Ocean health at heart: how Seychelles communities are leading mangrove rehabilitation


Vital Ocean Voices is a series of stories from people living in coastal communities around the Indian Ocean, providing first-hand accounts of the impacts of destructive fishing, pollution and climate degradation.


Faced with the looming impacts of climate change and the pressing need to build resilient ecosystems, a community group called Anse Royale Watershed Committee is joining forces to restore mangrove ecosystems on the coast of Anse Royale (Seychelles) to reduce their vulnerability and mitigate other impacts of the climate crisis.

Seychelles is an archipelago of 115 islands located on the east coast of Africa in the western Indian Ocean. Heavily dependent on tourism and fishing as pillars of their economy, Seychelles is a champion of environmental conservation.

Wetlands provide many ecosystem services to both the species that depend on them and the people of Seychelles. They act as filters against pollution and harmful runoff from rainwater, slowing it down and reducing its erosive capacity. These and other services support the health of seagrass beds and corals, which are found in the lagoon adjacent to the mangrove forests, thereby preserving these ecosystems and the livelihoods of artisanal fishermen.

Restoration of the mangrove in progress. © Seychelles EBA Project

Wetlands are essential socio-ecological systems, and they must be seen in this way. Mangrove habitats are located on floodplains with high water tables (Editor’s Note: The level at and below which water is found in the soil), in flood-prone areas with intense rainfall. Rehabilitation These wetlands reduce coastal flooding and alleviate droughts as they are connected to three large outlets that drain stormwater to the sea. Over the past 20 years, residential and agricultural activities have significantly affected the wetland’s capacity to retain rainwater. This resulted in flooding. As people became aware of this service, the land that had been reclaimed for agriculture has now been returned to the wetland, resulting in less flooding. People are slowly starting to realize the importance of these wetlands, although it still seems that their value is often underestimated.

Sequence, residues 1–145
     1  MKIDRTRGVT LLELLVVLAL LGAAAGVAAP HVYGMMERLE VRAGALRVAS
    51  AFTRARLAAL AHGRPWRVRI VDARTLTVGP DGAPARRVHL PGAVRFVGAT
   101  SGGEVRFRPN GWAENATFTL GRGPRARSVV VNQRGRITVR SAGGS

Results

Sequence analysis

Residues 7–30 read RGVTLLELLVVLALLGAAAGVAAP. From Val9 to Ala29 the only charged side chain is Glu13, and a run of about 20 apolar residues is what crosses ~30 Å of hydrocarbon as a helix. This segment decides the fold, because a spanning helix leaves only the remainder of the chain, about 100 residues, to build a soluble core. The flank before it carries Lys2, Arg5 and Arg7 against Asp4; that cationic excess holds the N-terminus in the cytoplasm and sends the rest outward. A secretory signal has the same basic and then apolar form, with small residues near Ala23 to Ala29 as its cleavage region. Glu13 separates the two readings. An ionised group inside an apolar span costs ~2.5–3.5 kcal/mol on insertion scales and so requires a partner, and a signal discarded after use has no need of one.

Seedlings being planted © EBA project Seychelles
Seedlings being planted. © Seychelles EBA Project

Terence Vel and Monica Samson, two of the people very committed to restoring these vital habitats, shared the secrets of their motivation and success with us.

“Seychelles mangrove forests have been destroyed since the arrival of the first French settlers and it is sad that some people do not appreciate the value of this important coastal ecosystem. The wetlands of Anse Royale were in a disastrous state before the start of the rehabilitation; there were only three species of mangroves. Since then, and thanks to efforts to mimic the composition of previous forests, there are now six species present, ”says Vel.

Drone images of the area © Dean Rose
Drone footage of the region. © Dean Rose

A mangrove rehabilitation program was launched in 2016. This saw the establishment of a nursery that houses propagules that have been planted by schoolchildren, wildlife club members and communities. Since the start of the program, the Wildlife Club of Seychelles has organized training workshops for volunteers on best practice techniques for mangroves. Vel tells us that the wetland reclamation site is growing so rapidly that monitoring efforts can’t even keep up with the explosion of new growth.

It is difficult to find volunteers hired to manage the mangrove forest and community engagement is important for the mangrove restoration process. All interested community members should stay involved, especially the watershed committees. Vel also says “we need to nurture the sense of ownership that community members have for the wetland and its associated watersheds”. These committees are groups of residents and volunteers driven by their passion for the environment, founded through ecosystem-based adaptation to climate change in Seychelles (EBA project).

“It’s a success story,” exclaims a jovial Vel, speaking of the EBA rehabilitation efforts made by himself and other equally dedicated people like Monica Samson.

Samson, 56, has witnessed firsthand how wetlands shrink over the years. It understands the conservation value of the wetland for biodiversity.

A mango wood earring © Terence Bel
A mangrove earring. © Terence Bel

“I helped rebuild the wetlands because I love nature, especially these mangroves. I remember the days when I used to play in the mangroves as a kid using the mangrove twigs to build all kinds of fun jewelry. As a member of the Anse Royale watershed committee, I hope that, now and in the future, people will think and act more responsibly and help preserve wetlands, ”she muses. while the mangrove leaves its dance in the wind behind.

Rajelle Barbe, Rebecca Portlouis, Terry Mousbe and Nassirah Dorby are Students at the University of Seychelles pursuing a BSc in Environmental Science who are very dedicated to environmental protection and passionate about their respective areas of interest.


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